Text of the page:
Thursday, September 06, 2007

Three steps to calm the storm

Joint post by Willem H. Buiter and Anne C. Sibert. This post appeared first as a Comment in the Financial Times, Thursday, September 6, 2007.

Should the Bank of England do more to calm the money markets? During the current turmoil, it has been more hands-off than the European Central Bank, which has injected liquidity on a massive scale, and the Federal Reserve, which has injected liquidity on a modest scale and cut its discount rate by 50 basis points. The Bank is criticised by the City and some commentators for this "passive" policy stance. Would a more activist stance be appropriate?

Should the Bank have cut its policy rate? Neither the Fed nor the ECB has yet done so. The policy rate is not appropriate for addressing credit and liquidity crises. The Bank should cut Bank rate only if necessary to achieve its inflation target and, subject to that, to support the real economy. While Bank rate may well have peaked, there is no case for a cut now.

Should the Bank have cut its discount rate - the rate on overnight borrowing from its standing (collateralised) lending facility? We think not. It would be a bonus to those already willing and able to borrow at the discount window, but would do nothing to boost banks' ability and willingness to access that window. The problem is that the Bank's definition of eligible collateral at the discount window and in open market operations is too restrictive. Also, stigma continues to attach to discount window borrowing.

Should the Bank have injected additional liquidity to keep interbank rates closer to its policy rate, using short-term repos (repurchase agreements) at the policy rate, longer-term repos at market rates or outright purchases? We believe the main problem is that eligible counterparties (banks, building societies and certain securities dealers) do not have eligible assets to offer as collateral or sell outright.

The gap between overnight money market rates and policy rates is not significantly higher in the UK than in the US or the eurozone. On September 4, the overnight gap was 36 basis points in the UK, 26 in the US and 44 in the eurozone. A wider gap opens up at longer horizons: at one month, the UK gap is 93 basis points, compared with 55 for the US (putting the market rate above the discount rate) and 47 for the eurozone. At three months the gap is 105 basis points for the UK (putting the market rate above the discount rate), 45 for the US and 75 for the eurozone.

We believe there are three features of the UK discount window regime and one related feature of the open market regime in need of an urgent fix. First, the Bank should help to de-stigmatise discount window borrowing. Even the quality press calls this the "emergency facility". It is no such thing. Every party uttering the words "emergency facility" should be corrected by the Bank.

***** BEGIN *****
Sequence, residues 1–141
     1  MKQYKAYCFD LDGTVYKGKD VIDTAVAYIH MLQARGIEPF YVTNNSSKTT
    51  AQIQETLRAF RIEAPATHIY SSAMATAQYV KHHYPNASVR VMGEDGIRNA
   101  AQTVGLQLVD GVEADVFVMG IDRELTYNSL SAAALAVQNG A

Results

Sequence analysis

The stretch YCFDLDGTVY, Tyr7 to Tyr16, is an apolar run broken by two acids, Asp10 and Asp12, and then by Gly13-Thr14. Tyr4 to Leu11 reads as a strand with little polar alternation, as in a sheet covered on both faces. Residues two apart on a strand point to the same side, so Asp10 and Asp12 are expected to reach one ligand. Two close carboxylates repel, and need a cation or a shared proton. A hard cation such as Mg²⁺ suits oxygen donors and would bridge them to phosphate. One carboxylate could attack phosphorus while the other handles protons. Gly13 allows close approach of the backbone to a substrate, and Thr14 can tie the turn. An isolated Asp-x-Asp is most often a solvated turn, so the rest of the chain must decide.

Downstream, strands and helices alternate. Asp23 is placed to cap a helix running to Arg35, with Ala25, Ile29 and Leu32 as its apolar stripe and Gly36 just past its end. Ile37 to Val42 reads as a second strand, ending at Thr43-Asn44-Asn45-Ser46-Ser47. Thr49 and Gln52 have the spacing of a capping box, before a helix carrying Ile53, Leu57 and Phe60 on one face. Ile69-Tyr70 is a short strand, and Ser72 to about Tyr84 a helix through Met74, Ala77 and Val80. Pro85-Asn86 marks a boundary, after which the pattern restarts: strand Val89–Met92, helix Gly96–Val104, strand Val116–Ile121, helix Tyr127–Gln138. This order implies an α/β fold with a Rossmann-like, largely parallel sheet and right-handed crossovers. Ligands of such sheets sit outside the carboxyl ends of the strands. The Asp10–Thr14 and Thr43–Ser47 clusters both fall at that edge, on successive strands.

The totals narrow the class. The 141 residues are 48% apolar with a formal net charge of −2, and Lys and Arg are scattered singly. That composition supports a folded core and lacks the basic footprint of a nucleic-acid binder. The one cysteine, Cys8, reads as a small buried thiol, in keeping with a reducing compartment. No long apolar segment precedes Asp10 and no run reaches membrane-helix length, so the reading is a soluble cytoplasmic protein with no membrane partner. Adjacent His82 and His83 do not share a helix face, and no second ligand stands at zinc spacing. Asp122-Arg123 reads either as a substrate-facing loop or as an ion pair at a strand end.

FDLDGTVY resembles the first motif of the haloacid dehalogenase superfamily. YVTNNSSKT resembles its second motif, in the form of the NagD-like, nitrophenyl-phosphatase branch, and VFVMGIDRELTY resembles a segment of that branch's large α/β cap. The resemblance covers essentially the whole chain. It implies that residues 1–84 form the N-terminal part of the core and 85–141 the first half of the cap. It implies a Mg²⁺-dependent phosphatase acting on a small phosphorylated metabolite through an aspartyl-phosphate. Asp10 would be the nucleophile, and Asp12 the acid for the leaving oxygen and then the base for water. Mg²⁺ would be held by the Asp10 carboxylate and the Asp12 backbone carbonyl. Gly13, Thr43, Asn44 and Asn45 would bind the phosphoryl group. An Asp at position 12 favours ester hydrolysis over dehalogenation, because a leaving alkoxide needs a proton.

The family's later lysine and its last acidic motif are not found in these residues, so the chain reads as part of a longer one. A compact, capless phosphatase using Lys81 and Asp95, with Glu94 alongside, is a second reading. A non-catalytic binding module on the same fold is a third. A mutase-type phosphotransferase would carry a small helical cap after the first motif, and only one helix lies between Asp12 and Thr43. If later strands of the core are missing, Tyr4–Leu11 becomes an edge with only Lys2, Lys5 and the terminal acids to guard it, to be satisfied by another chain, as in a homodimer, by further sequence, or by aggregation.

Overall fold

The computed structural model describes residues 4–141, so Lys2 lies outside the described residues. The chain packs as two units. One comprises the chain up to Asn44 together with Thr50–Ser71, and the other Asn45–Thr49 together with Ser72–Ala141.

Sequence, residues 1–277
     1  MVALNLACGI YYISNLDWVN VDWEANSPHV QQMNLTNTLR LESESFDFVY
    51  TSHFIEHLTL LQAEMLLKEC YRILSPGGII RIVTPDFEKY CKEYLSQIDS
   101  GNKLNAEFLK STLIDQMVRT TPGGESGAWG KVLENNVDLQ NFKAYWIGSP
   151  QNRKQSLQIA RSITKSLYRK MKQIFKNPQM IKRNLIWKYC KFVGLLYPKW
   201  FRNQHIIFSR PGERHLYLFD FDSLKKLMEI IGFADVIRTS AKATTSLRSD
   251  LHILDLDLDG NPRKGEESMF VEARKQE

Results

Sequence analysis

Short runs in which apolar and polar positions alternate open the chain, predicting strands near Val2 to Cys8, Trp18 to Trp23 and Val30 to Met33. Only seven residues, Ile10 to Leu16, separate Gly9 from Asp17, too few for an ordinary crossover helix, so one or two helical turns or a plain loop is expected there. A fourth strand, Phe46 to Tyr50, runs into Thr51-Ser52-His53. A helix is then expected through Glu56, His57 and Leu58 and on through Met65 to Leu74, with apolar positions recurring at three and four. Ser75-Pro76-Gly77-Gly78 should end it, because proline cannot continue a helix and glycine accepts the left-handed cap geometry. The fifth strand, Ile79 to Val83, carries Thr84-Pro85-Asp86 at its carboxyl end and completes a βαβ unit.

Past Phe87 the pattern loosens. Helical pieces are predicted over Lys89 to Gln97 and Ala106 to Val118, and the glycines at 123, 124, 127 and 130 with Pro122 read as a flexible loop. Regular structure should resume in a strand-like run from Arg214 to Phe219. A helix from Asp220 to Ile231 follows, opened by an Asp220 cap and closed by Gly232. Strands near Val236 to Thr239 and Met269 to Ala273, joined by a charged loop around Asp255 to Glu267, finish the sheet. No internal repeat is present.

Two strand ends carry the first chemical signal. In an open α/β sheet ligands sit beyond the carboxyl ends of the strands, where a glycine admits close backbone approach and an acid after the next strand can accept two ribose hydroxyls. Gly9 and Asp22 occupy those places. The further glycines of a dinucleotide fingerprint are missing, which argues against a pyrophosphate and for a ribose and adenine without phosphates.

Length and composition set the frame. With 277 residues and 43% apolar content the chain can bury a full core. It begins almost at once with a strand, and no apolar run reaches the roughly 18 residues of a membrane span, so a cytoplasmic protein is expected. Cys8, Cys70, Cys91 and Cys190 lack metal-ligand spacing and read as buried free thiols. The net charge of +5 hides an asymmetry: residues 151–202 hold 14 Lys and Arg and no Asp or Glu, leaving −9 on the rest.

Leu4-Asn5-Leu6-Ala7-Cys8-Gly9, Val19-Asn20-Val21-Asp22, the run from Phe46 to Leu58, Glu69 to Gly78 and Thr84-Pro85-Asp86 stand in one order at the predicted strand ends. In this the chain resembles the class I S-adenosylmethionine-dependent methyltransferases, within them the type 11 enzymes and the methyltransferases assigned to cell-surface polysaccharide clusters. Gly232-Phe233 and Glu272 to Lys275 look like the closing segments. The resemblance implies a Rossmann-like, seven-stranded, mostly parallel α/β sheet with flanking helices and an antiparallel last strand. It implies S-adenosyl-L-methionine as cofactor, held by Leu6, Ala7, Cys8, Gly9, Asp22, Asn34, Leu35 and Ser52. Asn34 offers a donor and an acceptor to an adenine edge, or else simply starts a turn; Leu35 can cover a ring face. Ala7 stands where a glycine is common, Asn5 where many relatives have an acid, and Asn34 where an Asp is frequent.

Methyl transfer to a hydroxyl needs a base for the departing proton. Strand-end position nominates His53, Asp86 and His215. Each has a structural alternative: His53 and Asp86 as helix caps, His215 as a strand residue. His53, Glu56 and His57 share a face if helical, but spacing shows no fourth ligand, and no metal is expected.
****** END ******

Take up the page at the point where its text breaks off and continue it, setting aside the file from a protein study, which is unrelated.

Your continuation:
Second, like the Fed, the Bank should extend the term of its discount window loans from overnight to at least 30 days. Third, the Bank accepts as collateral at its discount window or in open-market purchases only instruments issued by European Economic Area central governments, central banks and major international institutions rated at least Aa3 (and, exceptionally, US Treasury bonds). This is too restrictive. The ECB accepts marketable and non-marketable securities rated at least A-, including securities issued or guaranteed by private entities. The Fed has been quite restrictive, but the Federal Reserve Act allows it to lend, in a crisis, to any institution,organisation or individual and against any collateral.

Faced with financial turmoil, the rule of thumb should be: if it can be valued, it is eligible as collateral at the Bank's standing lending facility. If securities become illiquid in turbulent markets (for example, debt backed by impaired mortgages), the Bank may have to act as market maker of last resort and establish a price itself. To avoid moral hazard, an appropriate "haircut" (discount) should be applied to the instrument's fair value. Longer term, the Bank should extend its set of eligible discount window counterparties to all institutions subject to a Bank-approved prudential regulatory regime.

What the Bank did on September 5 was mainly 'mood music' for the markets. The substance is that the reserve target ceiling has been raised a little. Eligible banks can hold a slightly larger amount of reserves at the Bank without incurring a 100 basis points cost; banks were also given an extra week to choose their reserve targets. This addresses none of our concerns.

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